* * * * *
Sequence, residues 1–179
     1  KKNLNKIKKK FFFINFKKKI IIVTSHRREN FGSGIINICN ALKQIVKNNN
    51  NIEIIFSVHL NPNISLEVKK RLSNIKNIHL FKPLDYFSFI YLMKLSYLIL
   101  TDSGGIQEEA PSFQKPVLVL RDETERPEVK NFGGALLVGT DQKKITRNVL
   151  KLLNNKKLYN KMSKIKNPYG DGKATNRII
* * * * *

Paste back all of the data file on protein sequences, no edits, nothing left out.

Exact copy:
Sequence, residues 1–179
     1  KKNLNKIKKK FFFINFKKKI IIVTSHRREN FGSGIINICN ALKQIVKNNN
    51  NIEIIFSVHL NPNISLEVKK RLSNIKNIHL FKPLDYFSFI YLMKLSYLIL
   101  TDSGGIQEEA PSFQKPVLVL RDETERPEVK NFGGALLVGT DQKKITRNVL
   151  KLLNNKKLYN KMSKIKNPYG DGKATNRII